Bishop has a fearful darkness at the core of her writing. I don’t know why—it almost seems as though she must have an illness that tired her and reminded her how close nothingness is. I did not read any biography of her; perhaps I should. Why it is that poets can make blackness blacker than any other artists, I could not say. But even in her short stories, for instance "The Last Animal," there is an air of menace, a whiff of death. In the essay, "Gregorio Valdes, 1879-1939" we know right from the title that the character we read about is dead, or will die, as it happened. We had forgotten that at the promising start, all hot sun and bright flowers, the shade of palms and the act of creation (paintings) make us forget that death is waiting, and not patiently.
The poem "The End of March," it shouldn’t surprise us, is also about death. Walking along the beach with a cold biting wind freezing one side of the face, two walkers come upon a splayed "man-sized" tangle of kite string "but no kite" washed up on the shore. At the same time, one walker glimpses a boarded-up beach house tethered by a wire (electricity?) to something off beyond the dunes. The walker imagines a retirement there,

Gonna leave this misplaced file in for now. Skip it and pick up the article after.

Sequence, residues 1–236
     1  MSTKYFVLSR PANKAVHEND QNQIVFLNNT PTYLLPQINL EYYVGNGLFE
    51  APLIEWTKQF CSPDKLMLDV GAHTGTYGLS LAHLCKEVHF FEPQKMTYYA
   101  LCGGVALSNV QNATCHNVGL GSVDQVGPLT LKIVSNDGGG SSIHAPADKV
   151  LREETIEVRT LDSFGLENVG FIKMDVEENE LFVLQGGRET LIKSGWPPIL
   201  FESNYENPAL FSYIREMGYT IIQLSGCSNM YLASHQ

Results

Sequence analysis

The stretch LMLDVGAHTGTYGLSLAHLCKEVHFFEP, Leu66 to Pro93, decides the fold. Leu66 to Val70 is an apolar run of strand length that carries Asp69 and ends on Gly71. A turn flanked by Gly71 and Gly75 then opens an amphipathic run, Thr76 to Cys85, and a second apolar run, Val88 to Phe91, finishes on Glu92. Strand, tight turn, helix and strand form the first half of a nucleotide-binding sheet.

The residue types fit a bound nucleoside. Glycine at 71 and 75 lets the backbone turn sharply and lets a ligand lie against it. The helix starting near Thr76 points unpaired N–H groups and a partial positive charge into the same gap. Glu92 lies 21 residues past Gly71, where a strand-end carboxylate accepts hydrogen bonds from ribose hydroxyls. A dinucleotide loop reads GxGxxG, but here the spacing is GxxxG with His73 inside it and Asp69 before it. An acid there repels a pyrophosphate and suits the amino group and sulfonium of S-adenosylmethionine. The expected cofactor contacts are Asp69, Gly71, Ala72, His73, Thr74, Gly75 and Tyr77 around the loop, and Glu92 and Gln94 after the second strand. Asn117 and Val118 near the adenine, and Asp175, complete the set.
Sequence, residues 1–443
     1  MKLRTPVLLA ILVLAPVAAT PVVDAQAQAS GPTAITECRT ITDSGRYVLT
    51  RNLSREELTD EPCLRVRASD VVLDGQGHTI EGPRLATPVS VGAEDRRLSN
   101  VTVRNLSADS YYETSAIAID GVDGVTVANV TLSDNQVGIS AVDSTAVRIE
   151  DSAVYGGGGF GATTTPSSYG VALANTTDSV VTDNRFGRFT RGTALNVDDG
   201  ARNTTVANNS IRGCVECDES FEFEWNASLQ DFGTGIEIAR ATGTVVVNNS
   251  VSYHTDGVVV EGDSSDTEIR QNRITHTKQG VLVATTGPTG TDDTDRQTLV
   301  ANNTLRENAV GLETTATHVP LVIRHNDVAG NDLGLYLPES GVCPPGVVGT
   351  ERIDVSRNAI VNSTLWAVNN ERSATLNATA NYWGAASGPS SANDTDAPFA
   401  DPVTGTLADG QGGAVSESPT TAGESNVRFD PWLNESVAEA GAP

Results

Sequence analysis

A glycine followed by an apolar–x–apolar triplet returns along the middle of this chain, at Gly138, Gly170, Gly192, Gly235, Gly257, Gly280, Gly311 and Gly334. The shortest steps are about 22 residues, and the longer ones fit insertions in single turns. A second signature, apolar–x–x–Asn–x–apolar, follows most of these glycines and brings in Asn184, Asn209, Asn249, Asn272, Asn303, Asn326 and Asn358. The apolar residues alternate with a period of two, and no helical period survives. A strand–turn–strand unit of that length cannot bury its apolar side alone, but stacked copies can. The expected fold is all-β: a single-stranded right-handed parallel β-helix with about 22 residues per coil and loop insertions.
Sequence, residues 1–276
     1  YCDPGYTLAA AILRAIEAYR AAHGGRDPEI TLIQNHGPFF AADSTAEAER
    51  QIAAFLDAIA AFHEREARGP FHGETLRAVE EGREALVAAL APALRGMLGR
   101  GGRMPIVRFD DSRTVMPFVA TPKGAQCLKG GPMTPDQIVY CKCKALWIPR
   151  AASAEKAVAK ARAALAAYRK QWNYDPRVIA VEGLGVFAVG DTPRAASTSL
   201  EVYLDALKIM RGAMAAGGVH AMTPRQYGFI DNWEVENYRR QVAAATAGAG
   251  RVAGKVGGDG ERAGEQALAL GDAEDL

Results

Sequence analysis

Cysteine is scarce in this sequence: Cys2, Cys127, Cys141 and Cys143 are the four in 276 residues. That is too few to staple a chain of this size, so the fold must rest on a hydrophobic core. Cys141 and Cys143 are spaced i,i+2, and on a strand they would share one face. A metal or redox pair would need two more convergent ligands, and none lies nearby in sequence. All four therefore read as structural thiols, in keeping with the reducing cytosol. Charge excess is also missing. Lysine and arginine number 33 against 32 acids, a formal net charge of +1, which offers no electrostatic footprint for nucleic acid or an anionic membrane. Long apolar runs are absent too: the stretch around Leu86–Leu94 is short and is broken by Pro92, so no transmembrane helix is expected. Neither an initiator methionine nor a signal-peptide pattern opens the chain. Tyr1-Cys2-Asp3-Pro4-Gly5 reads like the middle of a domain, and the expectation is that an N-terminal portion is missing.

or nothing much, forever, in two bare rooms:
look through binoculars, read boring books,
old, long, long books, and write down useless notes,
talk to myself, and, foggy days,
watch the droplets slipping, heavy with light."
Robert Pinsky was asked in this week's The New Yorker poetry podcast to choose a poem to read from the New Yorker archives and he chose a Bishop poem first published in that magazine in 1947. Called “At the Fishhouses,” the poem Pinsky calls "plain" has something of the “cold dark deep and absolutely clear” description that she reprises more than once.
"…I have seen it over and over, the same sea, the same,
Slightly, indifferently swinging above the stones,
Icily free above the stones…
…It is like what we imagine knowledge to be:
Dark, salt, clear, moving, utterly free,
Drawn from the cold hard mouth
Of the world, derived from the rocky breasts
Forever, flowing and drawn, and since
Our knowledge is historical, flowing, and flown."
As it often happens in the way of things, Colm Tóibín has recently published a book with Princeton University Press, On Elizabeth Bishop, whom he has been reading for forty years. Tóibín shares his thoughts on Elizabeth Bishop and the poet Thom Gunn in this article in The Guardian. Also in The Guardian, Lavinia Greenlaw reviews Tóibín's new book. Each of these yields great insights into Bishop's life and style.
You can buy this book here: Tweet